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Designer Skin LLC v. S & L Vitamins, Inc., et al.
Unauthorized internet reseller of plaintiff’s products is not guilty of trademark infringement, and does not cause actionable initial interest confusion, by using plaintiff’s trademarks in meta tags of website at which plaintiff’s and its competitors’ products are sold, and in...

Patentwizard, Inc., et al. v. Kinko's Inc.

163 F. Supp. 2d 1069 (D.S.D., September 27, 2001)

Court holds that Section 230 of the Communications Decency Act ("CDA") bars plaintiffs from pursuing claims against Kinko's arising out of allegedly defamatory statements an unaffiliated third party made in an Internet chat room from a computer rented to him by Kinko's.  The CDA prevented plaintiffs from pursuing claims that Kinko's aided and abetted both the third party's defamation of, and interference with plaintiffs' prospective business relationships by making the offending statements, as well as claims that Kinko's negligently failed to keep appropriate records of the use of its rented computers, and destroyed evidence of the same.

Plaintiffs hosted an Internet chat session about a new software product they were marketing.  Plaintiffs claimed that an anonymous Internet user named "Jimmy" made a series of defamatory statements in the chat session, which interfered with plaintiffs' ability to market its products to other session participants.  Plaintiffs contend that "Jimmy" made his statements from a computer rented to him by Kinko's, which was connected to the Internet.  Plaintiffs also claimed that Kinko's did not maintain records which would permit "Jimmy" to be identified.

Plaintiffs sued Kinko's, charging that it aided and abetted both "Jimmy's" defamation of plaintiffs, as well as his interference with plaintiffs' prospective business relationships.  Plaintiffs also claimed that Kinko's negligently failed to keep proper records of the use of its rented computers, and destroyed evidence concerning the same.

Kinko's moved to dismiss the complaint, holding it was immunized from the claims asserted therein by Section 230 of the CDA.  The court agreed, and dismissed the complaint.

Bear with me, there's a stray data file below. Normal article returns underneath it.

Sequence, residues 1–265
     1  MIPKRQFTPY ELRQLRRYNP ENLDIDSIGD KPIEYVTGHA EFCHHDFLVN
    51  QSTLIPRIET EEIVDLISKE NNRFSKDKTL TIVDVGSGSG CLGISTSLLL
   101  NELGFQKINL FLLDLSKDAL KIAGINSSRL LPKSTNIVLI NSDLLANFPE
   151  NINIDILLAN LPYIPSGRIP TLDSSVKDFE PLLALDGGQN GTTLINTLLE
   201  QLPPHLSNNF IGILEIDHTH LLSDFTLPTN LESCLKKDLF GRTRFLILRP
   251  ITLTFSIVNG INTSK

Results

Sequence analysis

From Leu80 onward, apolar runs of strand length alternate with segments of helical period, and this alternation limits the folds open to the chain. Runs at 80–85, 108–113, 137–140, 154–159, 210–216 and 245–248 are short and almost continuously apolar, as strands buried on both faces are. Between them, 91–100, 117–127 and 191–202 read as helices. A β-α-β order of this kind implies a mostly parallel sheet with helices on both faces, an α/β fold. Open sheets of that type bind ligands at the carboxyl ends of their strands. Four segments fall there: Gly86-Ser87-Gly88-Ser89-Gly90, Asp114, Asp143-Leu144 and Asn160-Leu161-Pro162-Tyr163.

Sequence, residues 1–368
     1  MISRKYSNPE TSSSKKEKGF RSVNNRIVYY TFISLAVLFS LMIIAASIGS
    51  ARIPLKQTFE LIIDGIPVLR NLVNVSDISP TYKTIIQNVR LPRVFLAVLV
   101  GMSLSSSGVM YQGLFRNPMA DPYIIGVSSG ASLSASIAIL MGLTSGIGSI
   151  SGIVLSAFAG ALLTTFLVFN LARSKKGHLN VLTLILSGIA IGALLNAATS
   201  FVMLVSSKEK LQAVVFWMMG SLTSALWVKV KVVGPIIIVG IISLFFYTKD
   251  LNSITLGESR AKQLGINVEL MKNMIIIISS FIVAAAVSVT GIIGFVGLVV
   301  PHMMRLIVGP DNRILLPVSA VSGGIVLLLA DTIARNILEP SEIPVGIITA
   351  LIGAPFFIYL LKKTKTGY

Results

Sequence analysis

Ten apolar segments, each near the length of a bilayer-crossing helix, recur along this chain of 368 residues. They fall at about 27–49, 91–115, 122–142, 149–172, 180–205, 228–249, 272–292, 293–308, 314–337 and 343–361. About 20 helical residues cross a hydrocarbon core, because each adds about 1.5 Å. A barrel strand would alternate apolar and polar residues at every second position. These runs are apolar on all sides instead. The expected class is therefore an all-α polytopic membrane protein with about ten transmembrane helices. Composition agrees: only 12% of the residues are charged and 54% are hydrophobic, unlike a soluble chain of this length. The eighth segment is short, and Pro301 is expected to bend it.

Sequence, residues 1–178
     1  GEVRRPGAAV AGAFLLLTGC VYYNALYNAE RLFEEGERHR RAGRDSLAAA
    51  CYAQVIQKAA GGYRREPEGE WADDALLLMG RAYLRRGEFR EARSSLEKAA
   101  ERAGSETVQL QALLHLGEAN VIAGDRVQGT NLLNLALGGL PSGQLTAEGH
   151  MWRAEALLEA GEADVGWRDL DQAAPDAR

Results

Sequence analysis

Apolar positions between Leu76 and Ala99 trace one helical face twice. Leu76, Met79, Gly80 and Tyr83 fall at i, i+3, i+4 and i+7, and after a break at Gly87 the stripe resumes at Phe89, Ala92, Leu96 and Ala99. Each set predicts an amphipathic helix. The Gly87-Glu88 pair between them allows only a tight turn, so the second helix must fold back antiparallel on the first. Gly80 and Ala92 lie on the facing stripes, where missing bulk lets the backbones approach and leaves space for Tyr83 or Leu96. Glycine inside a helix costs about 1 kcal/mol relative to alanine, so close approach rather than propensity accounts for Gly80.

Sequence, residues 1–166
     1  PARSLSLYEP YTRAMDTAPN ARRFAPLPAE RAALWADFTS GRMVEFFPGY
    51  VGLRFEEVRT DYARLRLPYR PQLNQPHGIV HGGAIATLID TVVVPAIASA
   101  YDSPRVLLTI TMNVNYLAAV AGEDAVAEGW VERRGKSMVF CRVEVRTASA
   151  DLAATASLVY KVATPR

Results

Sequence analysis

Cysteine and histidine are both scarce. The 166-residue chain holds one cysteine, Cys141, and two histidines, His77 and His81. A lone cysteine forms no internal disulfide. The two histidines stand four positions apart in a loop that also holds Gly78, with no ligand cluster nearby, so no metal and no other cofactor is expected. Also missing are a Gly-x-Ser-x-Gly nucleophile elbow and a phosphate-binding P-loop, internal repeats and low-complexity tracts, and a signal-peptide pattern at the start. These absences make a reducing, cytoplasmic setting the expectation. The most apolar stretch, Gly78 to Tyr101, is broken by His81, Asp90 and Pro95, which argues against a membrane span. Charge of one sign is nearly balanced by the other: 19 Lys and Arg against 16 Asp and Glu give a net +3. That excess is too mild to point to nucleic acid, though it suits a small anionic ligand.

Section 230 of the CDA states in pertinent part:

No provider or user of an interactive computer service shall be treated as the publisher or speaker of any information provided by another information content provider.

The parties agreed both that Kinko's was a provider of "interactive computer services" within the meaning of the Act, and that the content at issue was provided by Jimmy - 'another information content provider.'  Holding Section 230 barred plaintiffs from proceeding with their claims against Kinko's, the court stated:

In enacting §230, Congress meant to insulate distributors as well as publishers from liability for defamation.  The Complaint seeks to treat Kinko's as a publisher in two ways.  First, it seeks to treat Kinko's as a distributor by imposing liability upon Kinko's for its conduct in disseminating Jimmy's statements.  This is itself prohibited by §230.  Second, the Complaint seeks to place Kinko's in Jimmy's shoes, by holding Kinko's responsible for alleged defamatory matter that was published by Jimmy.  As the Fourth Circuit noted in Zeran, the plain language of §230 "creates a federal immunity to any cause of action that would make service providers liable for information originating with a third-party user of the service."  Id. at 330.  That federal immunity extends to Kinko's, and bars the plaintiffs' claims in this case.

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